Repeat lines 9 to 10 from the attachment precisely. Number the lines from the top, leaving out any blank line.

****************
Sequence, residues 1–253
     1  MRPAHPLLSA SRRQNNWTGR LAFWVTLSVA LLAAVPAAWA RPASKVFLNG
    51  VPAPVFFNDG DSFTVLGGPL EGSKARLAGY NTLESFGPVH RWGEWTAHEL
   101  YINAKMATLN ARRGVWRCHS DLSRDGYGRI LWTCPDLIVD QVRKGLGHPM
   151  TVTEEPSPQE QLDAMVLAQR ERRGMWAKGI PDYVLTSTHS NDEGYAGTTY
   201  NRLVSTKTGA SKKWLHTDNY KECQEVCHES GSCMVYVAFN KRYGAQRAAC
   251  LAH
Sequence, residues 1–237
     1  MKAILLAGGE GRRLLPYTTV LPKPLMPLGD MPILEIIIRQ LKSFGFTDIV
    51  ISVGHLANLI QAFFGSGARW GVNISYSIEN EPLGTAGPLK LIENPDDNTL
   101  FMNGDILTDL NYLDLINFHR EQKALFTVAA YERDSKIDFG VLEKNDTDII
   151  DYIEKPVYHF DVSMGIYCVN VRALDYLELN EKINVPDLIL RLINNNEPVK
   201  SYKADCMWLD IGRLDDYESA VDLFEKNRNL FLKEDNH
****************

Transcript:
     1  MKAILLAGGE GRRLLPYTTV LPKPLMPLGD MPILEIIIRQ LKSFGFTDIV
    51  ISVGHLANLI QAFFGSGARW GVNISYSIEN EPLGTAGPLK LIENPDDNTL